Last Will and Testament

Plan for when it is too late.

There are 2 definitions of an Estate:

  1. an extensive area of land in the country, usually with a large house, owned by one person, family, or organization.
  2. all the money and property owned by a particular person, especially at death.

We need to talk about the second definition.

Death is such an uncomfortable subject. Most don’t want to think about it, definitely don’t want to talk about it, never mind planning for it. Some fear death, and some just believe they are invincible.

One reason could be that, it is not really your problem. If you are no longer around, then it doesn’t really matter. But, it does. Especially if you have a family that depends on you.

The other reason could be that there are so many things that you don’t understand about the paperwork and taxes around dying. (Yes…taxes! It costs money, and you have to plan for that.)

So, while we have some time on our hands, let’s talk details.

If you are in an accident, and cannot speak for yourself, have you decided what you would like to say? Do you want to be resuscitated? Do you want to stay on a ventilator? You can have your say in a Living Will. If you do draft one, be sure that your emergency contacts know about this document, and what your wishes are.

If you do not survive an illness or accident, and pass away, there will be a lot of questions. You are probably responsible for paying some bills, your family has to survive financially, and you have passwords for bank accounts and emails and computers and Facebook. Perhaps even Tik Tok.

If you are divorced, and have kids, the child support agreements and divorce orders will have an impact on your current relationship or marriage, and you need to plan for that.

Most people will think that a Last Will would address all of these scenarios, but that is unfortunately not true. They get solved with a well thought out plan, where all scenarios get mentioned and mapped out.

There are clever ways available of saving money and taxes on an estate, but you have to prepare for that in advance. Unless, of course, you want the state to get hold of your Estate and decide what will happen with everything that you owned.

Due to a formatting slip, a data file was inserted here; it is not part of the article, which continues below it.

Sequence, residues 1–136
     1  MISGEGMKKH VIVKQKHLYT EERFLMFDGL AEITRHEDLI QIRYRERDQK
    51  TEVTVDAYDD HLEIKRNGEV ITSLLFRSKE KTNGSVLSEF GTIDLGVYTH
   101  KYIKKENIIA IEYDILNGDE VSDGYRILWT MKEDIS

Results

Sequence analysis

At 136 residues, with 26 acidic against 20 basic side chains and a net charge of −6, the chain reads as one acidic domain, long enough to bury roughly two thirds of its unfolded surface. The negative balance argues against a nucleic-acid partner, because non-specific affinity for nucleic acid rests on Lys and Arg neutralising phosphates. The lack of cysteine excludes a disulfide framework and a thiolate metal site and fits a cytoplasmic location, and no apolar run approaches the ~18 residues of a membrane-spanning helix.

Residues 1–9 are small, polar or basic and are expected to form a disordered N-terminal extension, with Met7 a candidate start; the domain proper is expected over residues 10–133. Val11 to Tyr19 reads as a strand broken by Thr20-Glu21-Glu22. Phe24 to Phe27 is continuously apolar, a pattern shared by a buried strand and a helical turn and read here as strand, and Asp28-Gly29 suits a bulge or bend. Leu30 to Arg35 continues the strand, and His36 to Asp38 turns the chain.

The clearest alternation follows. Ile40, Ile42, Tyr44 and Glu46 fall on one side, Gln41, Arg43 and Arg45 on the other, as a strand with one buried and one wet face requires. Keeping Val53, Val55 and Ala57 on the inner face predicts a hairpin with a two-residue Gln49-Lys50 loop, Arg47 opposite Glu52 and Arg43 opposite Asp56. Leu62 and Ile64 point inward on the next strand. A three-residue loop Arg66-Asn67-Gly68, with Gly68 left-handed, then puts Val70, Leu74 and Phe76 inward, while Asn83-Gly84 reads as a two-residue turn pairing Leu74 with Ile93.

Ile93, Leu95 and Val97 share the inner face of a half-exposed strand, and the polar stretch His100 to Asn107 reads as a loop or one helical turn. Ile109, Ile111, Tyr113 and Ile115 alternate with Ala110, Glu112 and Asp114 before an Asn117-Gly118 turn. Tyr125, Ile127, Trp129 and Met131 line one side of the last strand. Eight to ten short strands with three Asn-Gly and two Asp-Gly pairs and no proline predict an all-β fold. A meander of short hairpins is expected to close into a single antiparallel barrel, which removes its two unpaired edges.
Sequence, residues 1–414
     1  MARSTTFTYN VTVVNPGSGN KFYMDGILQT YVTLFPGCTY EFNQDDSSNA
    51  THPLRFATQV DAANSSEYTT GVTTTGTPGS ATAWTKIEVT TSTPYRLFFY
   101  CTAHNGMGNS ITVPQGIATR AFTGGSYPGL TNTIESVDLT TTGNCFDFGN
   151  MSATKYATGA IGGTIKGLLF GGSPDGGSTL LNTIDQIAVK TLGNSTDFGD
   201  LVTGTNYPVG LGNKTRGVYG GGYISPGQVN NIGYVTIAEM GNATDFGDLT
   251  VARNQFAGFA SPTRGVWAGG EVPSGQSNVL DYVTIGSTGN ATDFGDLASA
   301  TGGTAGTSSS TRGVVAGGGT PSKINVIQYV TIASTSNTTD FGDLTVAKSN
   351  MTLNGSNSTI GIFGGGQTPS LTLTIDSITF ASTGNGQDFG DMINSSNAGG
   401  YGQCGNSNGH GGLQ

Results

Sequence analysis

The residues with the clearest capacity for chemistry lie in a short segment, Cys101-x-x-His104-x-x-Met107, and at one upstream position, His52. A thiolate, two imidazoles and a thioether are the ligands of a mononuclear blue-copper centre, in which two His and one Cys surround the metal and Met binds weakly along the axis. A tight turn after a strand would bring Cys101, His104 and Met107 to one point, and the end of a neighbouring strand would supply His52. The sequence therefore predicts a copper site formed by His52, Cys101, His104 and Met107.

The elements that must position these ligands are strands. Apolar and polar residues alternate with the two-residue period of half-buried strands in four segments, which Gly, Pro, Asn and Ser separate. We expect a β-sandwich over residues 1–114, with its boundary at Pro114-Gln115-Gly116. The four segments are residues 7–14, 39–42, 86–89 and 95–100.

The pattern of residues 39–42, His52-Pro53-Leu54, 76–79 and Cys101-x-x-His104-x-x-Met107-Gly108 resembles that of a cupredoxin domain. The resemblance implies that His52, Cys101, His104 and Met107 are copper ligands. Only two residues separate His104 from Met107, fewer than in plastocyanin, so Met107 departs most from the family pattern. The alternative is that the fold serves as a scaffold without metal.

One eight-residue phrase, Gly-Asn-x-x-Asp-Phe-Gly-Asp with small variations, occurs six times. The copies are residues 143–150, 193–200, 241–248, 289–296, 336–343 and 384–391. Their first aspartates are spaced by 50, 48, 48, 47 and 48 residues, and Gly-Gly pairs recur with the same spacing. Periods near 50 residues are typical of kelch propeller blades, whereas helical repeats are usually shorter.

At Momentum Irene we can help you plan for the inevitable, even during lockdown.

There are numerous technological ways that we can communicate with each other without actually meeting face to face.

Let us take you for a virtual coffee, and talk about you, for when you can’t.

Article by Michael Pfister, Franchise Principle at Momentum Irene. Michael joined Momentum in 2014, and has been in the Financial Planning industry since 2004.


If you take a look at businesses today, it is all about budgets and targets, and achieving them by any means possible. To be honest, it is no different in the financial industry. It is a numbers game. The more cases you close, the more money you will make. Similar to any retail shop, really. The more people through your door, the more bread you can sell, the higher your profit.

There is a significant difference though – Financial Planners have their clients’ livelihoods in their hands.

How many financial advisors have you dealt with in your life? How many didn’t answer and/or return your calls? Just ignored your email when you were in need of assistance, needed to make a change, or take a payment holiday?

The Salesman

A salesman is only in it for the money, and you can spot them easily. They go door-to-door selling you a hoover or a policy. They are not concerned with what you need or how much you can afford. They are only trying to reach their quota. They do not offer solutions and do not educate.

If your Financial Planner’s goal is chasing money and wealth, there are some tell-tale signs from the start.

  1. Are they asking you about YOUR needs? (They really should)
  2. Are they telling you what you need, without taking your financial situation and financial goals into consideration? (They really shouldn’t)
  3. Are they trying to sell you the maximum number of products, at the highest price?